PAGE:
Ottawa is calling on the U.S. to remove its countervailing duties on softwood lumber from Canada after a World Trade Organization panel ruled against them. However, the Trump administration decried the ruling as another example of the judicial overreach that has prompted its efforts to overhaul the WTO dispute settlement system.


Mary Ng, Canada’s minister of small business, export promotion, and international trade, hailed a “unanimous WTO panel ruling” that she said confirms that Canada does not subsidize its softwood lumber industry. According to a Reuters article, the panel ruled that the U.S. “had not shown that many prices paid by Canadian firms for timber on government-owned lands were artificially low.” As a result, Ng said, the U.S. CV duties “are completely unwarranted and unfair” and “must not persist.” She noted that U.S. homebuilders rely on Canadian lumber and that the duties contribute to “the current record-high lumber prices [that] are hurting the economic recovery in both countries.”


However, U.S. Trade Representative Robert Lighthizer criticized the WTO panel report for failing to “defer to the reasoned judgment of the investigating authority, the U.S. Department of Commerce,” and instead applying “a fundamentally flawed Appellate Body interpretation so that the panel failed to acknowledge the impact of the Canadian government’s subsidies advantaging the Canadian the lumber industry.” Lighthizer said this result confirms the U.S.’ longstanding complaint that “the WTO dispute settlement system is being used to shield non-market practices and harm U.S. interests.”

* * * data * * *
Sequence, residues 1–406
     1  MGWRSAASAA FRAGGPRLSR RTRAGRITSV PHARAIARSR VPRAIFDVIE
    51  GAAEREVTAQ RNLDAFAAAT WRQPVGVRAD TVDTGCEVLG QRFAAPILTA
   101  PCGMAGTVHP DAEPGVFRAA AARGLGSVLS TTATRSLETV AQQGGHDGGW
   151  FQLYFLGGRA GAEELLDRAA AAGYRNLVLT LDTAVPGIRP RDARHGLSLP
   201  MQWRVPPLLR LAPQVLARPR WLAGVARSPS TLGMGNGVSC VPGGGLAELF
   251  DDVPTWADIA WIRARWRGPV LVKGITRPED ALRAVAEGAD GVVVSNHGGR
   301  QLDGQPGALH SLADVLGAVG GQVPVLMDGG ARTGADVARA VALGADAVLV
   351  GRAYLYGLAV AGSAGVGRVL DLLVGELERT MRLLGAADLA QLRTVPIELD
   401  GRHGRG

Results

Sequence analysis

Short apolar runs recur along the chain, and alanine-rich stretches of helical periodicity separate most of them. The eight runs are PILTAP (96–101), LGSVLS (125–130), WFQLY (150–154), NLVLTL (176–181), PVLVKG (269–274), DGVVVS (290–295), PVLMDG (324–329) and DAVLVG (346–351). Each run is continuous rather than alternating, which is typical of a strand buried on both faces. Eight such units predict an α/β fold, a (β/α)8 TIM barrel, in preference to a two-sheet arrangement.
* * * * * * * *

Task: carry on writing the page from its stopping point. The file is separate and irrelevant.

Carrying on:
Copyright © 2024 Sandler, Travis & Rosenberg, P.A.; WorldTrade Interactive, Inc. All rights reserved.

Practice Areas

ST&R: International Trade Law & Policy

Since 1977, we have set the standard for international trade lawyers and consultants, providing comprehensive and effective customs, import and export services to clients worldwide.

View Our Services 


Cookie Consent

We have updated our Privacy Policy relating to our use of cookies on our website and the sharing of information. By continuing to use our website or subscribe to our publications, you agree to the Privacy Policy and Terms & Conditions.